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News Links | January 15, 2019

January 15, 2019 by SBCTC Communications

System News | Opinion

Local View: Time for Legislature to invest in education after high school

... The state’s community and technical colleges are affordable, serve all kinds of students, and are connected to both local employers and universities. Whether students are 16 or 60, and whatever their background, we have high-quality programs to help them move forward. Equally important, we are the primary gateway to education past high school for those who, like almost three-quarters of Clark [College]’s students, are the first in their families to go to college.
The Columbian, Jan. 13, 2019

Alumni, College Cellars of Walla Walla rock San Francisco Chronicle Wine Competition

The 2019 San Francisco Chronicle Wine Competition generated more critical acclaim for the Pacific Northwest, and much of it stems from College Cellars of Walla Walla and alumni of the community college’s vaunted winemaking program. Leading the Northwest highlights at the largest wine competition in North America was Aaron Peet, winemaker for Cellardoor Winery in Linconlville, Maine. Peet, who graduated from Walla Walla Community College’s Institute for Enology and Viticulture in 2008, earned best of class for the Cellardoor 2017 Riesling and 2017 Chenin Blanc.
Great Northwest Wine, Jan. 12, 2019

Parents shine with Sound to Harbor Early Learning Program's Parent U

... Melanie Scrivner, center manager at the South Puget Sound Community College Child & Family Education Center, recently gave an interactive presentation about child management through Positive Behavior Interventions and Support or PBIS. The multi-tiered approach improves the emotional, social, and academic outcomes for students of all types. Parents learn that giving descriptive feedback rather than an evaluative statement can go a long way in reinforcing a desired behavior. For example, “It was helpful you brought your plate to the sink” is more powerful than the often-used “good job.” 
Grays Harbor Talk, Jan. 12, 2019

She’s 17 and can tell you how to spot human trafficking

Sheridan Moore is a Girl Scout. The Lynnwood teen sells cookies every year. These days, she’s learning all she can about a hidden crime with a global reach — human trafficking. A Running Start student at Everett Community College, Moore chose labor trafficking as a project topic as she works toward her Gold Award. That’s the highest honor a Girl Scout can earn. ... “I started learning about human trafficking, sex trafficking, a few years ago in middle school through Girl Scouts,” said Moore, a home-schooled 17-year-old. Her interest was rekindled last spring at EvCC. She took instructor Steven Tobias’ English 102, a composition class. The research topic was human trafficking.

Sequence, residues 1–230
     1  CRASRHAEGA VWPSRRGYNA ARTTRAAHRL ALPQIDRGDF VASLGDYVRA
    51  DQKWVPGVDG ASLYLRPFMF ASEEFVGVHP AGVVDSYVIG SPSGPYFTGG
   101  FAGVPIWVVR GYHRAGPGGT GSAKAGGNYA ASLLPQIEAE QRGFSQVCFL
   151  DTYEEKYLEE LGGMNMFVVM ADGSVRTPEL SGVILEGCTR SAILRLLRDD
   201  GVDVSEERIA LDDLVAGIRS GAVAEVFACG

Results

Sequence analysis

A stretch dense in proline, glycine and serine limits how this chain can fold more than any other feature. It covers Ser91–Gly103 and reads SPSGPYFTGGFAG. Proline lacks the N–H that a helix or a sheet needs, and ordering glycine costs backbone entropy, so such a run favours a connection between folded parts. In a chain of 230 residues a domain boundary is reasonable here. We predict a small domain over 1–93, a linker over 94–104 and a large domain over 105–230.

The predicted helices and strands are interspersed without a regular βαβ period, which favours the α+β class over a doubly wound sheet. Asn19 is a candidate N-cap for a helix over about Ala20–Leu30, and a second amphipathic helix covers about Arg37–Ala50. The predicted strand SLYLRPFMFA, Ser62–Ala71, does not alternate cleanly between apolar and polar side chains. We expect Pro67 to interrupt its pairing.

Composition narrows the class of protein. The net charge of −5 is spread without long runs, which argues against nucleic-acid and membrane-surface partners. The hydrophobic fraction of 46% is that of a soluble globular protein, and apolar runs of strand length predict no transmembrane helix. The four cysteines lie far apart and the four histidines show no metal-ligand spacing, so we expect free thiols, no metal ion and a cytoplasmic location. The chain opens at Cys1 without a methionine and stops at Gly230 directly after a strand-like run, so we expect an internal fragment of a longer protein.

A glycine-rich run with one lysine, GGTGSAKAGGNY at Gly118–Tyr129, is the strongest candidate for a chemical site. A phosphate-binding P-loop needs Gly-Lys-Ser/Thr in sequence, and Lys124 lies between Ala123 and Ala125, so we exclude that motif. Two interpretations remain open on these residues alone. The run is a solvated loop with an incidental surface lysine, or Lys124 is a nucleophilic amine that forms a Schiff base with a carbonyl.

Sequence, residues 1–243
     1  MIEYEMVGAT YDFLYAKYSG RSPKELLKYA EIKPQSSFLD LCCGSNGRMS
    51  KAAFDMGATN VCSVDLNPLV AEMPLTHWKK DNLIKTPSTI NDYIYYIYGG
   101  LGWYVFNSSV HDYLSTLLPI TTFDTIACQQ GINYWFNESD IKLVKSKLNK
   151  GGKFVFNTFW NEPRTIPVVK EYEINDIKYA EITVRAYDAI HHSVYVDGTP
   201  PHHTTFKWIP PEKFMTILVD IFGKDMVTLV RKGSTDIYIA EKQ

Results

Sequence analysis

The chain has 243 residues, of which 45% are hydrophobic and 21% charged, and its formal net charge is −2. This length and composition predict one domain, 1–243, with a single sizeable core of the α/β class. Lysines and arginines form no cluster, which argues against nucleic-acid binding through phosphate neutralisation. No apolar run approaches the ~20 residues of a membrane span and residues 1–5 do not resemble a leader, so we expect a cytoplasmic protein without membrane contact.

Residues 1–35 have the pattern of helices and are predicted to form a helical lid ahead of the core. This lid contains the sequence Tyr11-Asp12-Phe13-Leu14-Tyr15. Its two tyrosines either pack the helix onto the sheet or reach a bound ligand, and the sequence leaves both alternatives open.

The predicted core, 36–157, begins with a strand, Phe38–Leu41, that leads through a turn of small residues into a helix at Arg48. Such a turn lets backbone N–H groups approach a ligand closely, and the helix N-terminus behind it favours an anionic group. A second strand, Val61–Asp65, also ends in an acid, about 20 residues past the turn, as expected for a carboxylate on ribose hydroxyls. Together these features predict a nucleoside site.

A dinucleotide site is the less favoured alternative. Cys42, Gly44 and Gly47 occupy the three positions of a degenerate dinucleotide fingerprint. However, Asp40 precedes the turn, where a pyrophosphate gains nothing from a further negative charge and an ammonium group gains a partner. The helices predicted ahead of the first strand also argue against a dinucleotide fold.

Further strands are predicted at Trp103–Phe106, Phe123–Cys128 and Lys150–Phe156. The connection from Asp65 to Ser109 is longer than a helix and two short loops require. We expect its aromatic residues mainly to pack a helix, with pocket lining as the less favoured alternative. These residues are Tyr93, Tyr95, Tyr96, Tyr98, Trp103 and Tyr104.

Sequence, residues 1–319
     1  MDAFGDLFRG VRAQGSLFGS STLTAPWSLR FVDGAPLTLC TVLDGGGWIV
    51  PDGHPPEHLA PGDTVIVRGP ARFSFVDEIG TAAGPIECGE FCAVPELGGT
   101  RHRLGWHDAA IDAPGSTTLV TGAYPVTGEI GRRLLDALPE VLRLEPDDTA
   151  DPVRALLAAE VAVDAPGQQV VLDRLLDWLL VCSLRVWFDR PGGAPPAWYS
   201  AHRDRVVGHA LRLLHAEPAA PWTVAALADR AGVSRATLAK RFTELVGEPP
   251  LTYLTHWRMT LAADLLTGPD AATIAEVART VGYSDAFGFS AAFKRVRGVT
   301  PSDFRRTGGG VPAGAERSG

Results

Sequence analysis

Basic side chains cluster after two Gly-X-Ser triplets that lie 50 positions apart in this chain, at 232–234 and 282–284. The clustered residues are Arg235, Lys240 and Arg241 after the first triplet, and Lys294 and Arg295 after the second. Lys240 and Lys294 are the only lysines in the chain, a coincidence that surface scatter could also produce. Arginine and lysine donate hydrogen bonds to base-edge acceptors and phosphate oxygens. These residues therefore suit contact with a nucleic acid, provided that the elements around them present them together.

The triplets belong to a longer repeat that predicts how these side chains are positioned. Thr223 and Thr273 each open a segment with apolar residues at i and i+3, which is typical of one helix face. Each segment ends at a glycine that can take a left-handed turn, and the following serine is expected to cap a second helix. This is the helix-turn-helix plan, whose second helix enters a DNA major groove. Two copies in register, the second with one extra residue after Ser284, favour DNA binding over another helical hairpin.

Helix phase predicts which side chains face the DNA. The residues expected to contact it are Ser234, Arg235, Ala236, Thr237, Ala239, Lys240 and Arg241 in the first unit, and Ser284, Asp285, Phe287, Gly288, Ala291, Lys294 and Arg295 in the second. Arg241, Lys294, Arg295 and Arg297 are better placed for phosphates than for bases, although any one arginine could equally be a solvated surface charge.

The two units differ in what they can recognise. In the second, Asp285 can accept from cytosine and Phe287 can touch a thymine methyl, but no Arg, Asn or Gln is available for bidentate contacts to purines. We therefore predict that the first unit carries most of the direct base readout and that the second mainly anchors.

The Everett Herald, Jan. 11, 2019

Gov. Inslee backs early learning program at Highline College

Gov. Jay Inslee has proposed $173 million to go toward early childhood education programs in the 2019-20 biennium budget, and on the heels of that proposal, he recently toured the Children’s Home Society of Washington Highline Early Learning Center. During the Jan. 3 tour on the Highline College campus, Inslee said he had spent years working to get money for education programs like this. The tour group at the center saw several classrooms and outdoor play areas with a multitude of different setups to encourage learning and growth, including a full play kitchen.
Federal Way Mirror, Jan. 11, 2019

Furloughed federal employee seeks food bank help during government shutdown

Nearly 80 percent of Americans live paycheck to paycheck, according to a Career Builder study.  The government shutdown is putting a strain on those federal employees. For some, it’s been three weeks of being furloughed or going without pay. Twice a month, Edmonds Community College opens a food bank to help hundreds of students. This time around, Air Force vet and federal employee Anthony Vicari stopped by.
Q13 FOX, Jan. 10, 2019

Exploring cultural bias

Culture, the new exhibition at The Gallery at Tacoma Community College, is billed as "an exhibition exploring the idea of cultural biases and its influence on the outlook of other cultures." This is one of the most powerful, if not the most powerful group show ever to be mounted at TCC. This is not to say that every work of art by every one of the 28 participating artists knocks it out of the park, or even that every piece even belongs within the theme; but there are enough that are stimulating, that have the capacity to touch the hearts of viewers, and that are aesthetically praiseworthy -- starting with Bobbi Ritter's series on the micro-brew culture of the Pacific Northwest.